Somewhere in life, you’ve probably been exposed to an integral part of New England’s rich history – witchcraft. If you haven’t, you’ve definitely been privy to the phrase, “this is a modern day witch hunt,” a phrase favored by the media, law enforcement and politicians. The Salem witch trials are a deep-rooted part of early American culture, as colonial paranoia ran rampant and became a blight on our burgeoning independent society. If you’ve ever taken a tour of that city, you can still feel it in the soil – or maybe that’s just hyper-astute, and easily creeped out, me. Steeped in that same vintage Americana is writer-director Robert Eggers THE WITCH. This prickly, shifty, unnerving psychological nail-biter turns the screws slowly, resulting in a vise grip of terror. Whether or not the feeling it imparts stays under your skin after the credits roll will depend on the viewer. (Whispers: It will.)
Recent British expats William (Ralph Ineson) and his family have been banished from the plantation over some sort of a religious disagreement. Left to make it on their own, they find refuge far away on the land bordering the thick woods. This could be their fresh start – or will it be their demise? When an innocent game of peek-a-boo between older sibling Thomasin (Anya Taylor-Joy) and baby Samuel leads to a red-cloaked “witch of the woods” absconding with the nubile youngster, the flood gates for familial mistrust begin to hemorrhage. The ties between grieving mother Kate (Kate Dickie) and daughter – who, incidentally, has just come into her womanhood – unravel. The youngest, obnoxious twins Mercy and Jonas (Ellie Grainger and Lucas Dawson), don’t help matters as they are busy communing with Black Phillip, a goat with a commanding presence. Things worsen when crops don’t yield food and William and son Caleb (Harvey Scrimshaw) must turn to the terrifying woods to hunt.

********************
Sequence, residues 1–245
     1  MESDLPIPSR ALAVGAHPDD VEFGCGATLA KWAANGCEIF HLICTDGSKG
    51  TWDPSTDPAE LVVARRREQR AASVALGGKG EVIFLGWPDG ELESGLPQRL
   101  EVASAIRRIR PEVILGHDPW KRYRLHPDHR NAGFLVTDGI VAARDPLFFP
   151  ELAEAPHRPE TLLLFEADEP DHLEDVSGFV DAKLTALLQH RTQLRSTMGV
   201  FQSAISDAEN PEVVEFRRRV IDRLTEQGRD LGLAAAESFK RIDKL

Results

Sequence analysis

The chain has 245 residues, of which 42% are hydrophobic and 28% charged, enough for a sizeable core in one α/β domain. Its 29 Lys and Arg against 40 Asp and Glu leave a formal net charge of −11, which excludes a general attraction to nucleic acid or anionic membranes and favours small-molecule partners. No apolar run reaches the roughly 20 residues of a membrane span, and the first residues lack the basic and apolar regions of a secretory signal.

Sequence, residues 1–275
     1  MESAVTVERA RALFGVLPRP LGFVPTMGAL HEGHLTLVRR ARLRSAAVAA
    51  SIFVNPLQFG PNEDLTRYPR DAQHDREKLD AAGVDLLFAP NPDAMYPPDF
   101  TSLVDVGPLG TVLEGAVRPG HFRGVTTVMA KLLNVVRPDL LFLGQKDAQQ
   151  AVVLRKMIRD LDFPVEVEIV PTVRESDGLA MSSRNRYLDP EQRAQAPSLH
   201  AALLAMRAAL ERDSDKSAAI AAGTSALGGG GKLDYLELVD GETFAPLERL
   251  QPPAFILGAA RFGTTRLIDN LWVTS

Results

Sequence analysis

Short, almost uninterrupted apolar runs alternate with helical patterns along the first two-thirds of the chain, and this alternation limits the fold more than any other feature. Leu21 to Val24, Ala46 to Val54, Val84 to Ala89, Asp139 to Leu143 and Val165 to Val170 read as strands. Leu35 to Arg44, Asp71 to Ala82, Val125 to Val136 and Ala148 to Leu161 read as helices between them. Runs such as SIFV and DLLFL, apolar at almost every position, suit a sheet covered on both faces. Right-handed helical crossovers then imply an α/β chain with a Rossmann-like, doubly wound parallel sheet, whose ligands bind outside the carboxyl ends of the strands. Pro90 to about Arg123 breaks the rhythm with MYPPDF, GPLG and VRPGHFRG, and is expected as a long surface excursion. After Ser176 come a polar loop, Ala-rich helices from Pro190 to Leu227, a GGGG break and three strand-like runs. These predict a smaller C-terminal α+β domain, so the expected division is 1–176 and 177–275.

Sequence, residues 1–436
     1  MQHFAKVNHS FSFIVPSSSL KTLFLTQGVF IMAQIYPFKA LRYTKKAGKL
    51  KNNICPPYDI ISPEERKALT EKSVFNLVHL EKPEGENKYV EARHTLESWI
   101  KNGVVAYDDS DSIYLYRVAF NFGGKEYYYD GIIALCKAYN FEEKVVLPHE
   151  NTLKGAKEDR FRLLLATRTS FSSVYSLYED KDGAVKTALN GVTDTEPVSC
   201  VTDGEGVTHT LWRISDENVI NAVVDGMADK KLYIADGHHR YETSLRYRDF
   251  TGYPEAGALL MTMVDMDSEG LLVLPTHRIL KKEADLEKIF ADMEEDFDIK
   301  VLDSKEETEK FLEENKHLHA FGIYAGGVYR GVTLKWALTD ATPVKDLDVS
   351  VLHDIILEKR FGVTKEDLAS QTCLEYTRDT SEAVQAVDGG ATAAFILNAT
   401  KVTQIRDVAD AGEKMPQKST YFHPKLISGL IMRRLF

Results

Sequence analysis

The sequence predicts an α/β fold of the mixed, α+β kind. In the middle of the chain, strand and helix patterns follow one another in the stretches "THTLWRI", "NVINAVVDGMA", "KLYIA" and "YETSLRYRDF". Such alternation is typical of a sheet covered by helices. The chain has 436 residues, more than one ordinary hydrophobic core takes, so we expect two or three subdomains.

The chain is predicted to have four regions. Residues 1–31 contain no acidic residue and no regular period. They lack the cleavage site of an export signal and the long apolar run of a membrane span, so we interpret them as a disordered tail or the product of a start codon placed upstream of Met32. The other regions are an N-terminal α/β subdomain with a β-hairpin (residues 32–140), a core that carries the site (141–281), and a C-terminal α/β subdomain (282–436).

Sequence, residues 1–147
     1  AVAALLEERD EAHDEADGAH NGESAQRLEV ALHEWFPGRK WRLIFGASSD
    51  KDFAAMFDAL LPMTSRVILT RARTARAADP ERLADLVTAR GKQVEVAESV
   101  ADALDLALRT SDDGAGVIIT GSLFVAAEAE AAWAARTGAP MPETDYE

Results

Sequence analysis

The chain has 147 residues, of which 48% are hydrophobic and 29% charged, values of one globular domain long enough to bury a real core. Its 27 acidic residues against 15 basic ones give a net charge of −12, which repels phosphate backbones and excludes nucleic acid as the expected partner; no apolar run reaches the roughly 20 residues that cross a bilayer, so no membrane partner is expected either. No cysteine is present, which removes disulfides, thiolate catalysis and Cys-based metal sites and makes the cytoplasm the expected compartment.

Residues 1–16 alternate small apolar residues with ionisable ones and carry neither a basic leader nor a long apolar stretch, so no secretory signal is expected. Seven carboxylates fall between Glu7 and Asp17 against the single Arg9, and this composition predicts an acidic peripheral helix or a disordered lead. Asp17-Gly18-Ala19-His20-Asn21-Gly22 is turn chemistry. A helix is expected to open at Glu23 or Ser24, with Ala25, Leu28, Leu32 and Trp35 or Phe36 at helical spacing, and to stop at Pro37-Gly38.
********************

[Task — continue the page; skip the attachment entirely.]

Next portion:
At first glance, THE WITCH may seem like THE VILLAGE. Rest assured it’s not. There’s a much more satisfying payoff here – it’s arty and up to interpretation, but there’s a payoff nonetheless. Eggers leaves audiences with a lot to ponder. Many thought-provoking questions arise, though none are born out of confusion. To discuss themes in depth feels like spoiler territory. To reveal them would be too much – although Eggers does spell out that pride is really the root of this evil that befalls this family. I wish he’d have trusted audiences to figure this out as it’s made pretty clear before William speaks of it. Deeper meanings from the allegories, metaphors and pagan symbolism can be gleaned. Moreso on repeat viewings – which this film begs for. Eggers strips down, if not eschews, a lot of tropes of the genre. It’s bewitching (had to say it) to see this back to basics/ trimming the fat approach blossom into something unexpected and completely transfixing. Since this is atmospheric New England folklore, Eggers commits to the bit by having his characters speak in period appropriate dialogue. At times, it can be a task to decipher what they are saying (once it hits home video, the subtitles feature will be a blessing), but overall, you’ll get the gist.
Aesthetically, this is a gorgeous piece of cinema. Static shots of the gray, foreboding sky permeating the landscape; the dank, imposing forest emphasizing the twisty, gnarled nature of witchcraft; the warm glow of natural candlelight; the deep saturation of the color red – all pop out of Eggers’ painterly canvas. Petting zoo animals has never felt so ominous. Augmenting the sonic soundscape, composer Mark Korven’s score is incredibly Kubrick-ian, sounding inspired by 2001: A SPACE ODYSSEY and maybe THE SHINING. It’s delightfully, deliciously off-putting. To hear it not married with the picture would be nightmare-inducing material.
This is the exact type of movie that would keep me up at night when I was a teen. As an adult, it’s haunted me for weeks. Unsettling in the best of ways, THE WITCH is unnerving feminist-friendly horror done right.
THE WITCH opens on February 19 and is rated R.